The current results extend recent work on the encoding and retrieval of episodic event files (Frings et al., 2020; see also Hommel et al., 2001) by considering bindings between stimuli and control states. When placed in the context of prior studies on the durability of bindings between other event file components, it appears that the stimulus-control binding components of event files might be more susceptible to interference from the processing of similar subsequent events than stimulus-action and stimulus-classification bindings formed by one-shot learning (Moutsopoulou et al., 2019; Pfeuffer et al., 2017). The evidence concerning durability of stimulus-response components of event files is somewhat mixed, however, with prior research suggesting that stimulus-classification bindings, as specific type of stimulus-response bindings, can in some cases last over the course of multiple days (Moutsopoulou et al., 2019) but in other cases only several minutes (Pfeuffer et al., 2017) or, in case of different types of stimulus-response bindings, even only seconds (Frings, 2011; Hommel & Colzato, 2004; Moeller, Pfister, Kunde, & Frings, 2016). Moreover, at least for the more short-lived bindings, there is evidence of decay over time (e.g., Hommel & Frings, 2020).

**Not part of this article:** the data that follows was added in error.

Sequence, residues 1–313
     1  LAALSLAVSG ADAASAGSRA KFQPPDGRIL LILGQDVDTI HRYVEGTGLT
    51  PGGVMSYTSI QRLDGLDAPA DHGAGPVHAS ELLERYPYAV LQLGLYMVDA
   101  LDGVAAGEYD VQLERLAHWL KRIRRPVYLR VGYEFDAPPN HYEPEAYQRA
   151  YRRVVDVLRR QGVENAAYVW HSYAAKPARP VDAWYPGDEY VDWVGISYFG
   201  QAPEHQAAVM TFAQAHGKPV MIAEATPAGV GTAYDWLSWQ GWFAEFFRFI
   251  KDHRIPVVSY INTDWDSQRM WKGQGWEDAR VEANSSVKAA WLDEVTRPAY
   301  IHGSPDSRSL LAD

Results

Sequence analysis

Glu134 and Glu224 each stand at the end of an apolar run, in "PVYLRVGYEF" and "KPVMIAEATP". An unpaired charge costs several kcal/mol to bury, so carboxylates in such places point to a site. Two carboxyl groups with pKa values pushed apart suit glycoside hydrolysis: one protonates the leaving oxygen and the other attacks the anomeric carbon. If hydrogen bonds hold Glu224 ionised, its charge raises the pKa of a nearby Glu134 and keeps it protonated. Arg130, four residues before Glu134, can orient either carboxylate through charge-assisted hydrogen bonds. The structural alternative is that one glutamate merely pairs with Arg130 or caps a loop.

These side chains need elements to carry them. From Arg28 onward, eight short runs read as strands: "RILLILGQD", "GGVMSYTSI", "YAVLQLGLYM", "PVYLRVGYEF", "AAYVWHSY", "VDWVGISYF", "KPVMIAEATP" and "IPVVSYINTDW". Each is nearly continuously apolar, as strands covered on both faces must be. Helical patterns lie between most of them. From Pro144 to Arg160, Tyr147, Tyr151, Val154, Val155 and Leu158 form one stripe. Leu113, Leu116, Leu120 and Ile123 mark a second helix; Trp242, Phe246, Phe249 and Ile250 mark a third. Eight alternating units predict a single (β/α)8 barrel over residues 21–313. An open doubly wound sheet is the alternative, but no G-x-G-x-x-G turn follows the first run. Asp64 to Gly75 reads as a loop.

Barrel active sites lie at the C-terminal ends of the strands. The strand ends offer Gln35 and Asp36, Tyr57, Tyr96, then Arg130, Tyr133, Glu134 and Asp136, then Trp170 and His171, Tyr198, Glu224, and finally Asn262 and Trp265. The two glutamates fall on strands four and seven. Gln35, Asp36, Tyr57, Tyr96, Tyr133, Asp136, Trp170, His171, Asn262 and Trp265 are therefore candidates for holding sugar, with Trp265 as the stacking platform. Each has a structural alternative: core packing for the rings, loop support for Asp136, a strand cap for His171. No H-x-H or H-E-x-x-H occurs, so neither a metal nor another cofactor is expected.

Prior research has demonstrated that the encoding of episodic event files can be influenced by learning strategies (Giesen & Rothermund, 2015; Giesen et al., 2017, 2020; for review, see Frings et al., 2020), and the present study has provided some support that this also applies to the binding of control states to stimuli. In particular, it seems likely that the absence of retrieval effects of stimulus-control bindings observed in Experiment 1 was due to creating an environment where item-specific stimulus-control bindings were rarely useful for efficient task performance, as few stimuli ever reoccurred in that experiment. When there is no clear pattern of repeating events to promote the utility of encoding and retrieving, the potentially burdensome upkeep of item-specific stimulus-control bindings may be disincentivized (e.g., Shenhav et al., 2013) or perhaps the controlled retrieval of these bindings is no longer promoted in such a context (see Hommel, 2022, for corresponding ideas). Conversely, when item-level stimulus-control bindings are incentivized by repeating events – as was the case in Experiments 2 and 3 (as well as in Whitehead et al., 2020, 2021) – they can operate and be retained for a great deal of time (Experiment 3) though this durability is curtailed under conditions of interference from similar events (Experiment 2). Our results show evidence for stimulus-control binding effects, as well as for an effect of a delay/intervening events between the encoding and retrieval of bindings. However, evidence for an interaction between stimulus-control bindings and the delay was equivocal, such that our interpretation of how delay affects stimulus-control bindings is by necessity more speculative. Furthermore, given the long time intervals, by design our experiments were not structured to fully dissociate the contribution of temporal decay in direct comparison to decay as a result of event interference. That is, we could not orthogonally manipulate the delay and the number of intervening events, but rather compared delay conditions with and without intervening similar events. Thus, for longer delays, important gaps in our knowledge on the confounded contributions of time and interference to event file decay remain and we cannot yet fully elucidate the intricate way by which time, events, and contextual task structure may interact in the durability of stimulus-control bindings. Future studies using shorter delay durations that allow for dissociating time and events without introducing unnaturally long waiting periods may further address this question. Nevertheless, we can clearly answer the present study’s research question regarding the maximum durability of stimulus-control bindings: Stimulus-control bindings affect behavior at least up to several minutes. Importantly, this maximum durability is reduced when similar intervening events occur.